The Hon’ble Chief Justice has felt extremely uneasy over the remarks made in respect of him, for, he cannot give a public reply nor is he obliged to justify or explain to the Executive any matter falling within the domain of his administration. The Court expected more circumspection, understanding, discretion and judgment on the part of the Prime Minister because of the high office she holds in making offhand remarks in respect of constitutional functionaries which have been alleged to be contumacious.

Habibul Islam Bhuiyan, President, Supreme Court Bar Association 4 BLC (AD) 81.

Section 2—

In view of the compliance of the Court’s order by delivery of possession and tendering unqualified apology and also considering that contemner has retired from service, the contemner should be exonerated by accepting his apology. But if an officer is found to have wilfully avoided compliance of the order of the High Court Division he cannot be spared from the punishment for committing contempt of Court only on the ground of his retirement.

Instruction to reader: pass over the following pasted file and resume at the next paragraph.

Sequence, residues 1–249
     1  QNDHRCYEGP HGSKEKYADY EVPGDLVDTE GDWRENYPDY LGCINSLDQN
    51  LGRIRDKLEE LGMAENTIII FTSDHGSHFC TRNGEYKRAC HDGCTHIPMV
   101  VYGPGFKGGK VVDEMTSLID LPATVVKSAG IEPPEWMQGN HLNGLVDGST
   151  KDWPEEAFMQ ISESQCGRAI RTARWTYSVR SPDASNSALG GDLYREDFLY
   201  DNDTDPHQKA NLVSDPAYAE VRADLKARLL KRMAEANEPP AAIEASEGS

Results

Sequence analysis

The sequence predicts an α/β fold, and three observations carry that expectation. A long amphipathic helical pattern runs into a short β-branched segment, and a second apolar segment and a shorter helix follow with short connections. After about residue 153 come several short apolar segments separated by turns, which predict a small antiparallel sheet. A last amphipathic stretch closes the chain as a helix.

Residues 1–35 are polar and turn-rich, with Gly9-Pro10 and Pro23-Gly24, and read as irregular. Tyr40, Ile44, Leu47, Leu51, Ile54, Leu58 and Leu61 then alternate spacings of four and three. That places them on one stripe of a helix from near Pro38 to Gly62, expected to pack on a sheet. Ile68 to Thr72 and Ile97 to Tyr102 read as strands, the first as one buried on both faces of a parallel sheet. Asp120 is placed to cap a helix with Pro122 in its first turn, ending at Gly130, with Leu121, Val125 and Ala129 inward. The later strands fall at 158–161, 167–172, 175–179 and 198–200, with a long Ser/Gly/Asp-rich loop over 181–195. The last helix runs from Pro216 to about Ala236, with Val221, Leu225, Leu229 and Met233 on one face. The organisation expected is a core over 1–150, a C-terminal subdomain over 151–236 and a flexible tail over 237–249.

Gulshan Ara vs Jogonnath Dey and others 5 BLC 52.

Sections 2 and 3—

As the contemner has tendered unqualified apology and begs for mercy of the Court which is accepted considering his old age and ailing health but the same should not be construed as a leniency to anyone but be a warning to all concerned specially performing the functions of the Judicial Munshikhana of the Deputy Commissioners as the arms of this Court is long enough to catch and punish anyone how high so ever.

Almas Ali vs Sohrab Miah & others 2 BLC 66

Section 3—

Statements made by respondent in a zeal to protect the neutrality and independence of judiciary and it was not a criticism of any particular judge nor can it be termed as scandalisation of the judges of the Superior Court or the judiciary in any form as the constructive and honest criticism relating to appointment of the judges cannot be construed as contempt of Court.

Dr Ahmed Hussain vs Shamsul Huq Chowdhury 1 BLC 321.

Section 3–

It is clear from the two letters that the Bangladesh Shipping Corporation asked the respondent to submit a normal joining report in compliance with the trial Court’s decree enabling the Corporation to allow him to join without delay as the prayer made in the joining letter was beyond the terms of the decree obtained by the respondent and it was loaded with extraneous demands but the High Court Division has failed to consider the same as it transpires from the said two letters there was no disobedience shown to the Court’s decree and it is not understood as to how the appellant could be found guilty for alleged disobedience of the Court’s decree for 12 months and 16 days in the face of the said two letters written to the respondent.

SAM Iqbal vs State and another 3 BLC (AD) 125.